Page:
My prediction is that unemployment figures will begin to rise later this year. The figures tend to lag behind the rest of the economy and as Friday’s figures on GDP are likely to show, an economy still contracting and the prospect of a triple dip recession.
A Plan B is needed and soon.
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More powers?

The journey to Home rule for Wales has been a very slow and tortuous affair.  Another small step was taken by the Welsh Government today when they published their vision of Wales’ long term constitutional future. In other words, what powers they want devolved to Wales.
In his government’s submission to the Silk Commission Carwyn Jones see’s Wales not as an independent country but part of the United Kingdom, all be it with more powers over its own affairs.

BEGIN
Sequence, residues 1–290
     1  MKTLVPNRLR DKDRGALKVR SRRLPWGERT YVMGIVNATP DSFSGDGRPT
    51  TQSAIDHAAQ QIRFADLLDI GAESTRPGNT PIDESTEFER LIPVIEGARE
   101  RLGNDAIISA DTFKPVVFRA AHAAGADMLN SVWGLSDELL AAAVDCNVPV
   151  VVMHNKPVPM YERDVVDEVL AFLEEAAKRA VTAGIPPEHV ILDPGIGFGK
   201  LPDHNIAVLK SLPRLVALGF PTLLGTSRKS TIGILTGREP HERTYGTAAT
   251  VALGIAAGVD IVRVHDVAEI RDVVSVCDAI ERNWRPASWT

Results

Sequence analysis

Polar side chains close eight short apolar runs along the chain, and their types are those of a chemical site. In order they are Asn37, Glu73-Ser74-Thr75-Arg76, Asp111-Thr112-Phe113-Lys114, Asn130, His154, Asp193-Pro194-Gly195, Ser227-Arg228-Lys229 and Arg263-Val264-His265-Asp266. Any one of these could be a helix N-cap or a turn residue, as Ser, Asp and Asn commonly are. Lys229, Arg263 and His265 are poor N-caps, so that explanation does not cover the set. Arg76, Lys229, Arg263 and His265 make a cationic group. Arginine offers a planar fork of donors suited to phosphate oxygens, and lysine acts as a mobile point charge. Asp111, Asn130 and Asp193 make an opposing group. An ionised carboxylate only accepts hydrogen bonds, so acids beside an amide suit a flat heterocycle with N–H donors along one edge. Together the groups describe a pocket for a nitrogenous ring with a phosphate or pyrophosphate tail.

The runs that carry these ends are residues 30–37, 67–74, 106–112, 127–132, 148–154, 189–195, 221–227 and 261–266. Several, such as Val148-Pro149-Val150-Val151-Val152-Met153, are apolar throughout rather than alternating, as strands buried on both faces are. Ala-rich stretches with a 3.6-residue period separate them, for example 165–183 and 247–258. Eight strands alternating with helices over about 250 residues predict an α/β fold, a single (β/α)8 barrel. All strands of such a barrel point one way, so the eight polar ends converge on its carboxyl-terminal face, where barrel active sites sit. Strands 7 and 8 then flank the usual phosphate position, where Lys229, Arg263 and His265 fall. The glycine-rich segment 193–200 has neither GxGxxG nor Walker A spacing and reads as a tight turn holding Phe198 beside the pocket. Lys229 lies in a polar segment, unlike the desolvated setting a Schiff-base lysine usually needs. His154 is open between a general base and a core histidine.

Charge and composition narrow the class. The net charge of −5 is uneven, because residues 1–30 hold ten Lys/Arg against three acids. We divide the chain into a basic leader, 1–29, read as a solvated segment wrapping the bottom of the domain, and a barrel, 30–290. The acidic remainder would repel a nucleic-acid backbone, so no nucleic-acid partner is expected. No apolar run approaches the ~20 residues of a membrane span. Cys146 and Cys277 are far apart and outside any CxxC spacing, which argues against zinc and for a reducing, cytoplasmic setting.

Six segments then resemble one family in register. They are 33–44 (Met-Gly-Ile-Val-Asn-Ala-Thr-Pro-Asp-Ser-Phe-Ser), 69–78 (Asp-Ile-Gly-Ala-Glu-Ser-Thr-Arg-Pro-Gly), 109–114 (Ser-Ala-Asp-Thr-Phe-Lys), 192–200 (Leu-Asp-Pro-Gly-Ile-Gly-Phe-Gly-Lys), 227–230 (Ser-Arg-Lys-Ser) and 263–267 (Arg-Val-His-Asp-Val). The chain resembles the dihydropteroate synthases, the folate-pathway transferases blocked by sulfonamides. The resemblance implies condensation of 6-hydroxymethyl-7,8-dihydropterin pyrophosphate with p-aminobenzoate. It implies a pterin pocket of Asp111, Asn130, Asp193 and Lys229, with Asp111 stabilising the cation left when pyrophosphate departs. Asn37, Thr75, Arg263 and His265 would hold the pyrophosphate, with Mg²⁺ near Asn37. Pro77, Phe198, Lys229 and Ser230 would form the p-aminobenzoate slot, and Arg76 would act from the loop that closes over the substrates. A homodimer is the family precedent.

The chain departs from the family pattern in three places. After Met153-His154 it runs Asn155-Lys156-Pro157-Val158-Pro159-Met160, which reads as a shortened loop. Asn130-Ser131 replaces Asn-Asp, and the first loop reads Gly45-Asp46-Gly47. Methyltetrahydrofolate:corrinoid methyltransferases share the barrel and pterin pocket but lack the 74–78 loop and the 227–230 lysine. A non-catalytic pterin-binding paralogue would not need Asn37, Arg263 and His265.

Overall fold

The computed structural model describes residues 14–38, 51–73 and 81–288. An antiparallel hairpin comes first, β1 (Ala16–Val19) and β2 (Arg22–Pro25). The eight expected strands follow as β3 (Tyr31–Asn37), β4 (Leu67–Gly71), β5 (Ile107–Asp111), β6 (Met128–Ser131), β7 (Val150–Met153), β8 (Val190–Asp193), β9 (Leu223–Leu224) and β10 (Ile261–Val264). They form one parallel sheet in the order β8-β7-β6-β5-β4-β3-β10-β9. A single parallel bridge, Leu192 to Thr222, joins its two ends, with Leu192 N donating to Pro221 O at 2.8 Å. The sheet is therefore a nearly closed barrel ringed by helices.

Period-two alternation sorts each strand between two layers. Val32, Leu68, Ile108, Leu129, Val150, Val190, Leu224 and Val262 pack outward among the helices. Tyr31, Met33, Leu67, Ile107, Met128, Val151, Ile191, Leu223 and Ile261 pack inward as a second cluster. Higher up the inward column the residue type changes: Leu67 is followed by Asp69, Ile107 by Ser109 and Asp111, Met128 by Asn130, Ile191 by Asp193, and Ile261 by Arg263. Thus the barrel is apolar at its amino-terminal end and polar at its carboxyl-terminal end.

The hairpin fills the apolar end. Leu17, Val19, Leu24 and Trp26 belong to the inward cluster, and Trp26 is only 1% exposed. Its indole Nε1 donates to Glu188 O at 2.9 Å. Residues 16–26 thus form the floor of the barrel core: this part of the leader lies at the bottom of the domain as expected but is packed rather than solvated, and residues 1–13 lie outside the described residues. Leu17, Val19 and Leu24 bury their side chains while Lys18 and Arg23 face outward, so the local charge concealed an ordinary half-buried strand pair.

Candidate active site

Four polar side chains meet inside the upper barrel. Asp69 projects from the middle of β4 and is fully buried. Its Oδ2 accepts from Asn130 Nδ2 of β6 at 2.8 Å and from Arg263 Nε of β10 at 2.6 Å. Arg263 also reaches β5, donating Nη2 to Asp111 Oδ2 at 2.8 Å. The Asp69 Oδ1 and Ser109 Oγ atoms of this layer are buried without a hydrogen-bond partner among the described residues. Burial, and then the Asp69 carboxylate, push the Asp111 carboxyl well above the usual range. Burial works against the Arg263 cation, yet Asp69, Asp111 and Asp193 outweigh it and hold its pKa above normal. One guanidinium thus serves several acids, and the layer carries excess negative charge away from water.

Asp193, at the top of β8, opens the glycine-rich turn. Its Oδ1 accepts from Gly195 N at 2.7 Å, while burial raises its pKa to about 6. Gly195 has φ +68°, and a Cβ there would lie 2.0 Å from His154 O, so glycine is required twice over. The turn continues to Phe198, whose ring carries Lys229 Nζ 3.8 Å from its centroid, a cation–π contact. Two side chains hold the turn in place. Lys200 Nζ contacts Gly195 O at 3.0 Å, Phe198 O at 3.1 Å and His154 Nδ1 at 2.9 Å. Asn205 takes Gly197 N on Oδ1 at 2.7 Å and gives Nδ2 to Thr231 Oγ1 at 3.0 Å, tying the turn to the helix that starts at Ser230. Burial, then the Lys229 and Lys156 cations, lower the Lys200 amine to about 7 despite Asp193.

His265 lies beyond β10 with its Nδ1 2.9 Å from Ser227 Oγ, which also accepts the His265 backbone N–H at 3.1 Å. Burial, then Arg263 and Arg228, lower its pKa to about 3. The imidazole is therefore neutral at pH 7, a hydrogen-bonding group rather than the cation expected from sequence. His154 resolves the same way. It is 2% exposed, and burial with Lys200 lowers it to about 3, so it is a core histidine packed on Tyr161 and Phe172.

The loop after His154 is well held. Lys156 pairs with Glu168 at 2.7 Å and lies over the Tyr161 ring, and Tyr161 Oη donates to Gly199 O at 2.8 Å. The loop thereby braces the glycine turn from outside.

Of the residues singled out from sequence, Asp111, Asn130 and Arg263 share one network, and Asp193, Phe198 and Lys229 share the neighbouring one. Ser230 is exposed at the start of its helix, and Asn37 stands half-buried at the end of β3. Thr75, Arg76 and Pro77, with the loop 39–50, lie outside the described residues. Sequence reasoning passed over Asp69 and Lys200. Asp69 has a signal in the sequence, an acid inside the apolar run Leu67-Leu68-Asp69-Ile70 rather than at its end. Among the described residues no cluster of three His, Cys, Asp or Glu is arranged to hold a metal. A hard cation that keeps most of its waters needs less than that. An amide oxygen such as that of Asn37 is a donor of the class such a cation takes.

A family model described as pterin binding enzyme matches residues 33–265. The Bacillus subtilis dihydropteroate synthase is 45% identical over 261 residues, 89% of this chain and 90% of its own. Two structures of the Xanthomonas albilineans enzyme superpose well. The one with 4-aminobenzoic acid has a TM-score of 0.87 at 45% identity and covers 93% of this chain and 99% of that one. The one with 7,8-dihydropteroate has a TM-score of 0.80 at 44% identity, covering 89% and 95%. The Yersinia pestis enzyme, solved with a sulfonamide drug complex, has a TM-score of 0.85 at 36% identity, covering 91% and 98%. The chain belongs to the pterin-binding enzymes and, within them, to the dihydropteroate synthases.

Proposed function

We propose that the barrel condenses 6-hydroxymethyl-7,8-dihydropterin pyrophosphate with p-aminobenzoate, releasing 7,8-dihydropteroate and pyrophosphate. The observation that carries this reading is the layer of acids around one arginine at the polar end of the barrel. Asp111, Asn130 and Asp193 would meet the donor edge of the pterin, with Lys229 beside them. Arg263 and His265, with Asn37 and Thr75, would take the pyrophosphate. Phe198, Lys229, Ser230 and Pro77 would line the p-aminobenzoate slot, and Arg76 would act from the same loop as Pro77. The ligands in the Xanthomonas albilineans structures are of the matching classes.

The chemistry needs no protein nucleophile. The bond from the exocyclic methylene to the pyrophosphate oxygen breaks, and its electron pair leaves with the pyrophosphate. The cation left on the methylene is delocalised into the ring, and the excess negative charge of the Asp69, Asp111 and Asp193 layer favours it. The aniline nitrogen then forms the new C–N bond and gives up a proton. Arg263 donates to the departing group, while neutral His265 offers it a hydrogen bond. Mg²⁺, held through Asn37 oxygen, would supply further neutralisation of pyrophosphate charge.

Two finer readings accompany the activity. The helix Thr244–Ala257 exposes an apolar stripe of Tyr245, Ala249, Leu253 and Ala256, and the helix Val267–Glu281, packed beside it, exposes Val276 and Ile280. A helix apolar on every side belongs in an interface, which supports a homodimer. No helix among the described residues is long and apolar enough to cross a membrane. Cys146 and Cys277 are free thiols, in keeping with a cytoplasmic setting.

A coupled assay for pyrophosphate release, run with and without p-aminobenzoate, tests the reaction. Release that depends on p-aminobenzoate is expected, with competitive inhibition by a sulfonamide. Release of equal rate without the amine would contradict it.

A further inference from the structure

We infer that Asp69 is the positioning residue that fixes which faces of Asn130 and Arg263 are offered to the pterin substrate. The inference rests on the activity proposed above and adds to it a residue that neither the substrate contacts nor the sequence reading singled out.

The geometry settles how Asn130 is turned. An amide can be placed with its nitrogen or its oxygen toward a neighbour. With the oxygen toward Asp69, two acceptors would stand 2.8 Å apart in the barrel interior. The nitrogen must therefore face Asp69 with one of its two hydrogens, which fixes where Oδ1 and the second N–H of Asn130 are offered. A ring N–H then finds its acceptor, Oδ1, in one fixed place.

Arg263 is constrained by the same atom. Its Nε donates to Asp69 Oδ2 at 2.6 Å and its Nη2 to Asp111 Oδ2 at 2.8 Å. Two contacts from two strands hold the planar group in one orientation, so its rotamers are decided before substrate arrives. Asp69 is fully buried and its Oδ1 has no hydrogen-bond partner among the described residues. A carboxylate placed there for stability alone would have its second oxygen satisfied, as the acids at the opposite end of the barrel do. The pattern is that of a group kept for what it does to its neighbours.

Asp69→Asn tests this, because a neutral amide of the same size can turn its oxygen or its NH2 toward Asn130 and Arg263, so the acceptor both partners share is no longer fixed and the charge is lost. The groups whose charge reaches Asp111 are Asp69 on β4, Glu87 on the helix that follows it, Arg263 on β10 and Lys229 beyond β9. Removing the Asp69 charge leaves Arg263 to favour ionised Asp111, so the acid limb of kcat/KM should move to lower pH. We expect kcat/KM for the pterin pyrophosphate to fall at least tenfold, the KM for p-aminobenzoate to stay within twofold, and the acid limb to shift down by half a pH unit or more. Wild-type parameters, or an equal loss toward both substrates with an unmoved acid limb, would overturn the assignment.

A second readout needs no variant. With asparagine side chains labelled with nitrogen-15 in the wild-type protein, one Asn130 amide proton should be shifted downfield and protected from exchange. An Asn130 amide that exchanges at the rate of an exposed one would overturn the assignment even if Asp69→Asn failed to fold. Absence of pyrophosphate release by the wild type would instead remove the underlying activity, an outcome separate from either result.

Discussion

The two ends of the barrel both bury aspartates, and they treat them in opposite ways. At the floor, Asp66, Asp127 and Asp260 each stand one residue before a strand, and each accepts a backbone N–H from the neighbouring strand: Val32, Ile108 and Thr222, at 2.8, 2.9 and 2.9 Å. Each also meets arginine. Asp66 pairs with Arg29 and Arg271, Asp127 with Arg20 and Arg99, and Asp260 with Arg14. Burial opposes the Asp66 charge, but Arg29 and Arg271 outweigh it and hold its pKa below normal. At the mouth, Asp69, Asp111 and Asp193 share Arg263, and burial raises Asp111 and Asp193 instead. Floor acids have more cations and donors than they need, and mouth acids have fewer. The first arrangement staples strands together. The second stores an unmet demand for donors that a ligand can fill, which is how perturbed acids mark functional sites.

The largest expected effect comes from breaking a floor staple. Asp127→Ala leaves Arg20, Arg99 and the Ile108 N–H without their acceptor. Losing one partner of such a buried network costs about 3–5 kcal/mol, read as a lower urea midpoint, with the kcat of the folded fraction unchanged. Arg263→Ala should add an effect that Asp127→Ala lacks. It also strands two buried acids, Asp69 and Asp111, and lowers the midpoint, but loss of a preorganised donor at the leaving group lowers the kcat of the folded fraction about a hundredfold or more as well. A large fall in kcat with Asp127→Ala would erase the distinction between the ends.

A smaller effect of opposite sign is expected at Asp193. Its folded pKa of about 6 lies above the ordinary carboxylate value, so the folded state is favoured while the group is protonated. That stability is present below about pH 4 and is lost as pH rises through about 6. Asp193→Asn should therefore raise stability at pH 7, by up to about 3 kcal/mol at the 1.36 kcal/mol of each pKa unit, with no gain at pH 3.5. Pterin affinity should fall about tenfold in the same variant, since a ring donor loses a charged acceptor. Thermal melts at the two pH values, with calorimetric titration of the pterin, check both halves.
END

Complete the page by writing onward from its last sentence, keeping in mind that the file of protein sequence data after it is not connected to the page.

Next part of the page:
Basically, Carwyn’s no separatist more a Home Ruler in the fine tradition of Lloyd George. Until of course LlG got the big job of running the roost in the UK and Empire and quietly forgot his commitment to the land of his fathers. Oh, I suppose he did disestablish the Church in Wales. A big deal in its day.
But back to Carwyn.  The Jones boy wants to go back to first base with a new Government for Wales Act. Instead of powers being handed to Wales at the whim of Westminster he wants the default position that Wales has all the powers. But acknowledges that some areas should be ‘reserved’ to the UK parliament. He wants Westminster to continue to have their sticky paws on the lever of power in the areas of constitutional affairs, defence, foreign affairs, social security and macro-economic policy.
A political leader would never voluntarily give up powers over areas they already have control over and Carwyn Jones is no exception he wants to retain these and add  considerable more to his fiefdom.